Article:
Hard Cell

I am perhaps too hard-hearted to cry, but after reading Jennifer Gonnerman's standard-setting article "Roaming Rikers" [December 19], I felt that tears were called for. It's just that, after 10 years of imprisonment, including many months in solitary confinement (once for speaking with a reporter), they wouldn't flow. Clearly, something inside me is broken. And it must have broken in the last 10 years because, before prison, I could cry for horribly sad things.

While society will, regrettably, always need prisons, we don't need prisons from which people exit worse off—more angry, more violent, less human—than they were when they entered. We don't need prisons where, to take an example from "Roaming Rikers," the warden eliminates 94 of 105 counseling positions while spending an additional $7.6 million on security equipment of dubious utility (two armored personnel carriers!). Nearly all of the people at Rikers eventually will be released. If the only things they learn during their incarceration are more lessons in violence, it doesn't take a genius to figure out what's going to happen when they get out.

James B. Nicholas
Mid-Orange Correctional Facility
Warwick, New York

Sour Dough

Francine Russo's short review of Bread and Puppet Theater's The Heathen Nativity ["Holiday Not in Cambodia," December 26] was irksome not simply because of its shallow condescension—"The bread, at least, is fresh"—but because it was ill informed. As a onetime member of the troupe, I am quite familiar with reviewers' consternation about its persistently political drama. However, as a theater historian, I would prefer better-informed criticism.

Russo writes that Bread and Puppet "travel from their communal farm in Vermont and touch down here in a time bubble." In fact, the theater works all over the world. In the past year alone, Bread and Puppet was in residence for five months at the Expo 2000 World's Fair in Germany, performing daily giant-spectacle critiques of globalization. In 1999, it was a major presence in the pivotal anti-WTO demonstrations in Seattle. In the July 25, 2000, Village Voice, both Richard Goldstein and Andrew Boyd noted how much the revival of political street spectacle is connected to Bread and Puppet's work.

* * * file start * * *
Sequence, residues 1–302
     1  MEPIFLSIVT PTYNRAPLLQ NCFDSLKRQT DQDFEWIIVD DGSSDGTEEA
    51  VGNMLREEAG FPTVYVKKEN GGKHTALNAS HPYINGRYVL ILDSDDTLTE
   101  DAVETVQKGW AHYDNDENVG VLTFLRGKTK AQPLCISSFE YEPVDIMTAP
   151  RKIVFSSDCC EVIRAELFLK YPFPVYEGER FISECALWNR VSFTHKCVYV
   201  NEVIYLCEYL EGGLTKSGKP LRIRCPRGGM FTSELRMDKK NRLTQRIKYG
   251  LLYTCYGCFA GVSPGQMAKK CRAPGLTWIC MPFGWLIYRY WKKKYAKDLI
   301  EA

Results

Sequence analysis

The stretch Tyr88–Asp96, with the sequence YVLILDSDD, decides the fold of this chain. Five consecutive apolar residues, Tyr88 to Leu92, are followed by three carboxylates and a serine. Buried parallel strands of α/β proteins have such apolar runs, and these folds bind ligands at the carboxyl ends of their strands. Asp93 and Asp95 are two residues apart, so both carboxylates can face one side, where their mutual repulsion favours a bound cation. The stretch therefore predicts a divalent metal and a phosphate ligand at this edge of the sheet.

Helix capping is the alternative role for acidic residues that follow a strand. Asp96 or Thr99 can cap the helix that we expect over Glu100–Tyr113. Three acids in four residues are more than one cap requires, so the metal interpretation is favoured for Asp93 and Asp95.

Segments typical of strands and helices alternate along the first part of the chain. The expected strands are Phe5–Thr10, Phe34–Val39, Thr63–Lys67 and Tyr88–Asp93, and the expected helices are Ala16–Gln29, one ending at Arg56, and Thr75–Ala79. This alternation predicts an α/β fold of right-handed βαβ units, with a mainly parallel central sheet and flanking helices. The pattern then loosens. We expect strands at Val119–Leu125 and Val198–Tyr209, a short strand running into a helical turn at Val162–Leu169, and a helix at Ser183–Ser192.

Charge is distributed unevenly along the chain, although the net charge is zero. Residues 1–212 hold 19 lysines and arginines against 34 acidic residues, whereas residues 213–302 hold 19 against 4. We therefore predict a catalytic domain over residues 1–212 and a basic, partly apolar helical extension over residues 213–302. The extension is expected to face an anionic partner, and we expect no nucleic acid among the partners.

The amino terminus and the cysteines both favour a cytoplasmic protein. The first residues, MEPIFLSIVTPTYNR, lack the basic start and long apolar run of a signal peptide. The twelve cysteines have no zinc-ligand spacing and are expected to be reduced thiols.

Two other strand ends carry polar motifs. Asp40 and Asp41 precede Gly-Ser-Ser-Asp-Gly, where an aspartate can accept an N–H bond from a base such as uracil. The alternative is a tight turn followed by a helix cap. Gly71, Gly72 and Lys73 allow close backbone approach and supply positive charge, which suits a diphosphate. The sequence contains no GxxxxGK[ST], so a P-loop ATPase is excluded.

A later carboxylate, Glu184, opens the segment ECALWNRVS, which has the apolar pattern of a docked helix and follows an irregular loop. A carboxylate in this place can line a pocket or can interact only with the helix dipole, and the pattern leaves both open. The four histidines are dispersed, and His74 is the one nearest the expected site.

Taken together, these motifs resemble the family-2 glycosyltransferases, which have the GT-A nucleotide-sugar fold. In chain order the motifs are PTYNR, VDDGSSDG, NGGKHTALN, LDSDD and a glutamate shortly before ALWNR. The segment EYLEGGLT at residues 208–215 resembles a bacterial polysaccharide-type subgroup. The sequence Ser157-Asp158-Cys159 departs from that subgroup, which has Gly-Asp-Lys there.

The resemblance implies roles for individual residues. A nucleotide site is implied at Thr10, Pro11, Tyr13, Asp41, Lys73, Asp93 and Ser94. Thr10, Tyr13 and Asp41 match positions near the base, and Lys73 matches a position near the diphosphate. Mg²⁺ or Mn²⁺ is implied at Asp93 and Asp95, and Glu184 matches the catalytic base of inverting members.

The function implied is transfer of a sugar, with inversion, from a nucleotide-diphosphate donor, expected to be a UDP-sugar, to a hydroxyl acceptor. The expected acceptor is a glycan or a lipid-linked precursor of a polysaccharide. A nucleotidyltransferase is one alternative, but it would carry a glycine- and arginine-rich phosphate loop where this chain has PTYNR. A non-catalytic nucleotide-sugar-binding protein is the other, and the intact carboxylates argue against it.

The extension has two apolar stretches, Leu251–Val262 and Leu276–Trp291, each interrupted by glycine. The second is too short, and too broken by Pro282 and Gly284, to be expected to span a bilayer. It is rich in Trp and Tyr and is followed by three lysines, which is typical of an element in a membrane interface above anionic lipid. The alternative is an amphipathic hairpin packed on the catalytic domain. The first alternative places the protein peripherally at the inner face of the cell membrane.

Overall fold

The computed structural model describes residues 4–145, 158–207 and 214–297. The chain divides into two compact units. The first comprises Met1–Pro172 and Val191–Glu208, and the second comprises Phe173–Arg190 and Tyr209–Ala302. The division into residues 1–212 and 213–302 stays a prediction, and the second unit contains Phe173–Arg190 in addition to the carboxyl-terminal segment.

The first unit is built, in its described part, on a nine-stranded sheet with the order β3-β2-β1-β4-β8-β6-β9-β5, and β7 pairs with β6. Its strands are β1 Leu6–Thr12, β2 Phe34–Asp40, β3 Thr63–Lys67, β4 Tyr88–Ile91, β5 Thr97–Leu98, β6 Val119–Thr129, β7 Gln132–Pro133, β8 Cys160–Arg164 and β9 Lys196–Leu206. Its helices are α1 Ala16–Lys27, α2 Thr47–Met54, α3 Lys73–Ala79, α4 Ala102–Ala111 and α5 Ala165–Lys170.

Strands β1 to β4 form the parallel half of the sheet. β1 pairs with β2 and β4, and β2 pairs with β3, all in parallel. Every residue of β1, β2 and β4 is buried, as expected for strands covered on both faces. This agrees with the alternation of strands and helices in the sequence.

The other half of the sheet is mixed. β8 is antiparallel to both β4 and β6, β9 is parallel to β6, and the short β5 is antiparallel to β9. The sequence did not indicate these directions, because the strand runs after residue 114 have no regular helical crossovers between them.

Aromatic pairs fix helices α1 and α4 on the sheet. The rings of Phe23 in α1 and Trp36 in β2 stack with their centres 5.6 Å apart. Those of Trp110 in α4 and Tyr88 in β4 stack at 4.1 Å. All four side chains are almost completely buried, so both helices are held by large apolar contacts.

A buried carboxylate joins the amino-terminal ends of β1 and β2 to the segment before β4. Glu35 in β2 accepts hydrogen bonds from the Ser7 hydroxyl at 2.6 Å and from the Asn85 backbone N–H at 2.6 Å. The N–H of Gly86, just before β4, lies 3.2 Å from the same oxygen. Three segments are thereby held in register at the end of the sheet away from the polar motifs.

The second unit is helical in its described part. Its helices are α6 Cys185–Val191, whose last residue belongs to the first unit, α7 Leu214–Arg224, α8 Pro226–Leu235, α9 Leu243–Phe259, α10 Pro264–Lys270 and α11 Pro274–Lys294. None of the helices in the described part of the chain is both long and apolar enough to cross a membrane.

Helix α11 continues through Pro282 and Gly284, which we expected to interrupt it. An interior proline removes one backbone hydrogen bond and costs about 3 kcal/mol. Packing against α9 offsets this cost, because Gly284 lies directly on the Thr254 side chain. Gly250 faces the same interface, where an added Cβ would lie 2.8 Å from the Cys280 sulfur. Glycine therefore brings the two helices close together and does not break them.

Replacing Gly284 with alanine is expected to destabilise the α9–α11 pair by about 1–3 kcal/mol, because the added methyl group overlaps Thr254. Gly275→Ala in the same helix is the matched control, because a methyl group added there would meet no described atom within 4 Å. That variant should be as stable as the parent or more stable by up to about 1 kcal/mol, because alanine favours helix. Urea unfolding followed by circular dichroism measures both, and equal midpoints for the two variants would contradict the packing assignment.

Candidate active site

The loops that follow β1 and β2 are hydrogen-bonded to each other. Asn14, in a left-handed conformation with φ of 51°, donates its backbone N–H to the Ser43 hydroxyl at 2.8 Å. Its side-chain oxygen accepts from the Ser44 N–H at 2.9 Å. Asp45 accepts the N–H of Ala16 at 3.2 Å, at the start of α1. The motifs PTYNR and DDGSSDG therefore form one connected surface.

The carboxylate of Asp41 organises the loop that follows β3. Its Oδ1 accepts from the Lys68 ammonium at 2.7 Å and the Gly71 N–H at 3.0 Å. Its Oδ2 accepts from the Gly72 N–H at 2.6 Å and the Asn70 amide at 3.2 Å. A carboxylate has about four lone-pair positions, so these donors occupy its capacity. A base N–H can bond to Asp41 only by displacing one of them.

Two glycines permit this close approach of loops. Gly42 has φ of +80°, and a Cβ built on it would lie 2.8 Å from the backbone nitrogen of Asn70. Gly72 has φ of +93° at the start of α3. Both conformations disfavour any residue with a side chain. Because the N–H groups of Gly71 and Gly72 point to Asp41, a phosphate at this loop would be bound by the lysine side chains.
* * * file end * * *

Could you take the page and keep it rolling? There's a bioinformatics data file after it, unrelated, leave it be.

Bread and Puppet is part of the older generation of avant-garde theaters and is beyond positioning itself as young, hip, and ironic. But as the Bush era begins, there's much to be gained from the theater's work, which will be on the boards and in the streets in the years to come.

John Bell

Green Gaze

As the recent Green Party candidate in New York's 8th Congressional District and a proud lavender Green, I would like to respond to Richard Goldstein's "The Year in Queer" [January 2]. In the article, Sean Cahill, research director of the National Gay and Lesbian Task Force's Policy Institute, is quoted as accusing Ralph Nader of running a "two-tier" campaign that relegates civil rights to the back burner. On the contrary, Nader has spoken passionately on the issue of civil rights, which often is usurped by corporate power—a situation that the corporate-financed Democratic Party no longer seems to object to.

In addition, to write, as Goldstein does, that Nader has made it hip to be "a social conservative of the left" is the height of ignorance. I would remind Goldstein that the Green Party's platform on gay, lesbian, bisexual, and transgendered issues is much more progressive than the Democratic Party's. Furthermore, Ralph Nader supports gay marriage and Al Gore does not. The self-appointed leadership in our communities would like us to blindly believe that the Democratic Party is our only home, but the truth of the matter is the Green Party is a more sincere, more progressive, and more friendly choice.

Dan Wentzel

Richard Goldstein replies: I have no doubt about the Green Party's support for gay rights. It's Nader's commitment I raise questions about. His cavalier attitude toward the courts in a Bush administration is a good indication of the priority he places on this issue. His "passion" for civil rights has never been reflected in any actual work on that front. The Greens will eventually discover that, when it comes to fighting racism, sexism, and homophobia, Nader is hors de combat.


Nat Hentoff's latest account of the progress of Bush v. Gore through the court system ["Is the Supreme Court Disgraced?" January 9] applauds the dissenting judges of the Florida Supreme Court and catalogs a variety of law professors whom Hentoff accuses of partisanship but omits the opinion of the heavily conservative United States Court of Appeals for the 11th Circuit. That Court saw the Florida dispute for the unadulterated question of state law that it was, and ruled accordingly. Hentoff apparently intends to use the media-hound segment of the professoriat as straw men in this debate. A more useful focus would be on why the lower federal court rejected the Bush claim out of hand.

James M. Doyle
Boston, Massachusetts

Nat Hentoff replies: The 11th Circuit had the Bush equal-protection claim before it twice and did not rule on the merits, saying it was not ripe for judgment. But the U.S. Supreme Court decided otherwise. As for the "unadulterated question of state law," this was a federal election and the U.S. Supreme Court previously has overturned state election laws a number of times as in the landmark "one-man, one-vote" cases.

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